When a closed body or a duct envelope moves through the atmosphere, air pressure and temperature rises occur ahead of the body or, under ram conditions, within the duct. If cloud water droplets are encountered, droplet evaporation will result because of the air-temperature rise and the relative velocity between the droplet and stagnating air. It is shown that the solution of the steady-state psychrometric equation provides evaporation rates which are the maximum possible when droplets are entrained in air moving along stagnation lines under such conditions. Calculations are made for a wide variety of water droplet diameters, ambient conditions, and flight Mach numbers. Droplet diameter, body size, and Mach number effects are found to predominate, whereas wide variation in ambient conditions are of relatively small significance in the determination of evaporation rates. The results are essentially exact for the case of movement of droplets having diameters smaller than about 30 microns along relatively long ducts (length at least several feet) or toward large obstacles (wings), since disequilibrium effects are then of little significance. Mass losses in the case of movement within ducts will often be significant fractions (one-fifth to one-half) of original droplet masses, while very small droplets within ducts will often disappear even though the entraining air is not fully stagnated. Wing-approach evaporation losses will usually be of the order of several percent of original droplet masses. Two numerical examples are given of the determination of local evaporation rates and total mass losses in cases involving cloud droplets approaching circular cylinders along stagnation lines. The cylinders chosen were of 3.95-inch (10.0+ cm) diameter and 39.5-inch 100+ cm) diameter. The smaller is representative of icing-rate measurement cylinders, while with the larger will be associated an air-flow field similar to that ahead of an airfoil having a leading-edge radius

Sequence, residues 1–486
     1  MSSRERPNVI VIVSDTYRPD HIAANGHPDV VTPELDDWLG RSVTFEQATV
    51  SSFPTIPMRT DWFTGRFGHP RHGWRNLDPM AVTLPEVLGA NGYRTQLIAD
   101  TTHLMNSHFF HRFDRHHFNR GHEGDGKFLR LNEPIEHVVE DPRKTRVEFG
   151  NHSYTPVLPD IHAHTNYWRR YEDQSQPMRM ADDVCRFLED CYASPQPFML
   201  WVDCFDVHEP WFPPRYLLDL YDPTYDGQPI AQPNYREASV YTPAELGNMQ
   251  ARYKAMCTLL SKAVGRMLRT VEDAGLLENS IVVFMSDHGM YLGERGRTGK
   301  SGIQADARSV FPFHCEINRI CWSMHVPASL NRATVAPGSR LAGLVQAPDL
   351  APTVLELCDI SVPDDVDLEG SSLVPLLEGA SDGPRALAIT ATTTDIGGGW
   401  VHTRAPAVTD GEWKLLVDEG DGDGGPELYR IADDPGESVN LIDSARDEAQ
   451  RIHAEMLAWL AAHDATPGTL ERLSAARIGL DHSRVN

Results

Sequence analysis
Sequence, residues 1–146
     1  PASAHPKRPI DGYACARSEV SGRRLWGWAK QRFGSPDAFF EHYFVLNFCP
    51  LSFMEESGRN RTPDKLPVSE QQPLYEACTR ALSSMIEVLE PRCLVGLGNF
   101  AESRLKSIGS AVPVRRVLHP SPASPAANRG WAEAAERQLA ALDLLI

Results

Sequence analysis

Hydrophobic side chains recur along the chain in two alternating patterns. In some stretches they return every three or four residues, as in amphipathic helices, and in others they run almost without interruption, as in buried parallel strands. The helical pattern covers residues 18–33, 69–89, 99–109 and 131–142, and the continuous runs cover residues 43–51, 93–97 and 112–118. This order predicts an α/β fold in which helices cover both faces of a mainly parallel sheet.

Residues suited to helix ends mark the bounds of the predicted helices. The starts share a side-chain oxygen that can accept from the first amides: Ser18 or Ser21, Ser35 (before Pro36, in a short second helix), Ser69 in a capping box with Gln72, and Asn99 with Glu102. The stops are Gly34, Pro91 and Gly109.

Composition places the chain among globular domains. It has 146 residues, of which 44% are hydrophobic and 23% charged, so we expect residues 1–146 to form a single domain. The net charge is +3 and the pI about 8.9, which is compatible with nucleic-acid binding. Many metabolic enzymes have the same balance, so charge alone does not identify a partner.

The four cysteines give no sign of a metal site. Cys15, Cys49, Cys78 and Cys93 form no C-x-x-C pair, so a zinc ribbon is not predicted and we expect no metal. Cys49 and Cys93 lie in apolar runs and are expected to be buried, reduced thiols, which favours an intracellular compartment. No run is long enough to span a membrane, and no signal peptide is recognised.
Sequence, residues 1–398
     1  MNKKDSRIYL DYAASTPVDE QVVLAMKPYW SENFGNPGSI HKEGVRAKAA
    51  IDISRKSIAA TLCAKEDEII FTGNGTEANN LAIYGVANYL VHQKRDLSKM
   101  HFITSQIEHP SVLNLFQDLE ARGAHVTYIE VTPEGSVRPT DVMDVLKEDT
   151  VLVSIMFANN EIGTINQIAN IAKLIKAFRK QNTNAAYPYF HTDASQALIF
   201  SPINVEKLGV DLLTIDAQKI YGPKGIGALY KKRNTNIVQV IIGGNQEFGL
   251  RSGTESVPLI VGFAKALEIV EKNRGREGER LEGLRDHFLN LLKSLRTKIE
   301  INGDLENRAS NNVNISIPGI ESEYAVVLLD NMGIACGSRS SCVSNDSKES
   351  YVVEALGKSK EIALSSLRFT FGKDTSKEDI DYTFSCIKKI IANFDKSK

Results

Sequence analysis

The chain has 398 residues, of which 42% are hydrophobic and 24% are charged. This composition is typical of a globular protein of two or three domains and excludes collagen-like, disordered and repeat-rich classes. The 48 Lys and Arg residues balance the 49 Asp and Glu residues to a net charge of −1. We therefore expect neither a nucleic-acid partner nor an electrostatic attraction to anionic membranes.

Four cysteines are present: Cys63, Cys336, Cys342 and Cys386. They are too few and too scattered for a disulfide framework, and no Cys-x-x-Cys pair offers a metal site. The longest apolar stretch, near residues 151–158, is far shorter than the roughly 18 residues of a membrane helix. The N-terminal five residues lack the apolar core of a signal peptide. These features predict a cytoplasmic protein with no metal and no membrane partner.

5. Initial conditions and ENSO prediction using a coupled ocean-atmosphere model